Why Does Pappy Van Winkle Continue To Inspire Criminal Behavior?

Next to expensive wines and some rare scotch, no other alcohol has inspired as much criminal behavior as Pappy Van Winkle, the cult Kentucky bourbon. That's in part because it's made in such limited quantities, and in part because chefs and other food personalities have anointed it the best bourbon in the world. Now, two new reports look at the shady resale market for Pappy Van Winkle, which has bottles of the aged whiskey selling for sometimes more than $1,000 per bottle.

This week, Esquire published "Inside the Pappy Van Winkle Forgery Scheme That's Infiltrating Bourbon's Black Market," a fascinating look at how various fraudulent methods are used to exploit the demand for the prized booze. Writer Aaron Goldfarb traces the rise in fake Pappy to eBay, where empty bottles are selling for nearly as much as if they were filled with the real stuff. Why? The secondary market for Pappy means that $20 spent on an empty bottle plus a few bucks for cheap replacement liquid can yield hundreds of dollars on various resale sites and forums online.

Goldfarb admits that the depth of Pappy forgery may not be great, but it is an intriguing update on bootlegging. "What I suspect is that a few dudes here and there — maybe bourbon fans themselves, or Kentuckians with some connection to the industry — are buying up empty bottles, refilling them with Weller or some other wheated bourbon, and making a few thousand bucks in profit," he writes, referring to Weller, an inexpensive bourbon with none of the cachet or awards that Pappy has.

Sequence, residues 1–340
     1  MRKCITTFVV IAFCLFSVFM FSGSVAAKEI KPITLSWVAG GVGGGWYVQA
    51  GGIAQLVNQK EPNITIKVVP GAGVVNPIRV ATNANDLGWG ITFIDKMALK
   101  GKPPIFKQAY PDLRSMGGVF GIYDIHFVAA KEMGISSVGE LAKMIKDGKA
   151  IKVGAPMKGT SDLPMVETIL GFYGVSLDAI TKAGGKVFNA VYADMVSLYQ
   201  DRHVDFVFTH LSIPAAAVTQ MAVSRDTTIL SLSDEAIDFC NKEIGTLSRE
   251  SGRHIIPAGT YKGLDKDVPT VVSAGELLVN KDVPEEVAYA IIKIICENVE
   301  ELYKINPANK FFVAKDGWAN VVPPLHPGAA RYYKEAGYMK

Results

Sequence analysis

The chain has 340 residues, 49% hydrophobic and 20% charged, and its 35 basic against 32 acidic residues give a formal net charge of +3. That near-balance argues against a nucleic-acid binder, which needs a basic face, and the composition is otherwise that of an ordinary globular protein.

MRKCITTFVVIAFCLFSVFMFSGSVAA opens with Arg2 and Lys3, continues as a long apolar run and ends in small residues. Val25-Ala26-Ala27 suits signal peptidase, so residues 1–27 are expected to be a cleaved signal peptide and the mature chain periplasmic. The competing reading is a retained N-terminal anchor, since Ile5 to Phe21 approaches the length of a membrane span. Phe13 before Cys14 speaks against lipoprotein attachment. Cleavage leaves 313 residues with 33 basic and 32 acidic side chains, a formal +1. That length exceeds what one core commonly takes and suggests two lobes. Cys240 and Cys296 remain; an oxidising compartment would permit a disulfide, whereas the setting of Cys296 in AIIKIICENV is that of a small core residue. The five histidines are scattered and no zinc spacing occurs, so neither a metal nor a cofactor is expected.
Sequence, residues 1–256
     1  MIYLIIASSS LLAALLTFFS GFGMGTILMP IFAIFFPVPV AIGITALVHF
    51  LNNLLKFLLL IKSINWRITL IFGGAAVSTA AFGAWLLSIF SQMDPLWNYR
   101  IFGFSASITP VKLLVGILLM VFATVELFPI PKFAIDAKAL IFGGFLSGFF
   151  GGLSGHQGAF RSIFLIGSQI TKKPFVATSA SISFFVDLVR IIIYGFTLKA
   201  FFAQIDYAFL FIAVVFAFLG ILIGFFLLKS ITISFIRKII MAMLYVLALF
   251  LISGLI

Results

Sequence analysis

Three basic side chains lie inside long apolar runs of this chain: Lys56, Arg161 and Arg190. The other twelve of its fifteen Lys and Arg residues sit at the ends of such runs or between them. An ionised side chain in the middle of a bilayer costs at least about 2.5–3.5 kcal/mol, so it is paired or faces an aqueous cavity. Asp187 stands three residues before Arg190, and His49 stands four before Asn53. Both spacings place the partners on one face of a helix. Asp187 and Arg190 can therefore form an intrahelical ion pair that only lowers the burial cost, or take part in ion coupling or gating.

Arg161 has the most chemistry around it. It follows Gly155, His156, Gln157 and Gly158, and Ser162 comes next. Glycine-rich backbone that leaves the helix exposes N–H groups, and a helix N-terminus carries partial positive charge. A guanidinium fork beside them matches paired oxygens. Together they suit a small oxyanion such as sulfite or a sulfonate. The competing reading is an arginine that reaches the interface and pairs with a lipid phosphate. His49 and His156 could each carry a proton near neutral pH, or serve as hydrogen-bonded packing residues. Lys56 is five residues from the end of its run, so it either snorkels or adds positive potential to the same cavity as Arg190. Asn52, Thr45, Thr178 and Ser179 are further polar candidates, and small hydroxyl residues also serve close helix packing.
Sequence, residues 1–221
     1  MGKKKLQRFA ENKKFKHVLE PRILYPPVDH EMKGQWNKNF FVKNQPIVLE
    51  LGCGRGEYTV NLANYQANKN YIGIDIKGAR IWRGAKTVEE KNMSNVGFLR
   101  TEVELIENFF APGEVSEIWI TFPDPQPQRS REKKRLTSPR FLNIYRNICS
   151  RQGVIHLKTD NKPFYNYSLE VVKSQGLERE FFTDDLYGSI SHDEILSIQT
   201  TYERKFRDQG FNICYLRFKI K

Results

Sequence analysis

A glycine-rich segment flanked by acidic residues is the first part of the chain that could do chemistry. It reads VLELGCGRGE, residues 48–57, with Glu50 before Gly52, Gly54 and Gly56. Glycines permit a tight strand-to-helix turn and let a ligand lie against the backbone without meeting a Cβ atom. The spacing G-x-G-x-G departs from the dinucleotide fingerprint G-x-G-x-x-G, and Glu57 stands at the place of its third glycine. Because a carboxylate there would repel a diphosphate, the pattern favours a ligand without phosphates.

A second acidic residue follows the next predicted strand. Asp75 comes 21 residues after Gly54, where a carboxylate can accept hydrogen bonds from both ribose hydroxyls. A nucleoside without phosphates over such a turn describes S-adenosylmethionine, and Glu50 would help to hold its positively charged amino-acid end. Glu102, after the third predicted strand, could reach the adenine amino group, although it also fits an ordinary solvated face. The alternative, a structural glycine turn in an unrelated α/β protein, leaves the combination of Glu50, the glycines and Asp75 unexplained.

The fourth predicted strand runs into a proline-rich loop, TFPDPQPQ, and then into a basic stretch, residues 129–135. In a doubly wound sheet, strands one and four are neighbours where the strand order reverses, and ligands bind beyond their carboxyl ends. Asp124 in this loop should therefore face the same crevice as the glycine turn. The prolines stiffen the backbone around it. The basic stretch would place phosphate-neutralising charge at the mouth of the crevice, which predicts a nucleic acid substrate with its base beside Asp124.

As for the "wheated" part, one of the things that sets Pappy apart from other bourbons is its makeup: Bourbon is typically made from corn, rye and barley, but Pappy subs out rye for wheat. There are other wheated bourbons, but Pappy Van Winkle, derived from a formula by Julius Van Winkle, is aged longer than most bourbons; it's available in 12-, 15-, 20- and 23-year aged versions.

This information and more about Pappy is covered in the new edition of the Gravy podcast. For this nearly half-hour episode, the Southern Foodways Alliance partnered with another podcast, Criminal, to explore how the intense demand for Pappy Van Winkle has led to this secondary or "black" or "gray" market, as well as isolated incidents like the 2013 theft of 65 cases from the Buffalo Trace distillery (where Pappy is made based on the original formula). The podcast, which notes that Pappy is "a liquor so desirable it's driven some people to break the law," is a great primer on Pappy in general and on why supply and demand for certain bourbons has created an intense market. The episode features interviews with New Orleans Times-Picayune dining critic Brett Anderson, bourbon historian Michael Veach, members of the Van Winkle family and a Kentucky bar owner so fed up with the overwhelming demand for Pappy and the price surge that the supply-demand equation has caused that he has used Pappy in Jell-O shots.

The only thing neither the article or the podcast reveals is how to buy an actual bottle of the legendarily rare Pappy. The SFA's post about the podcast does have a link to howtobuypappy.com, an informational website that offers some simple advice: "Forget about it! It's not gonna happen."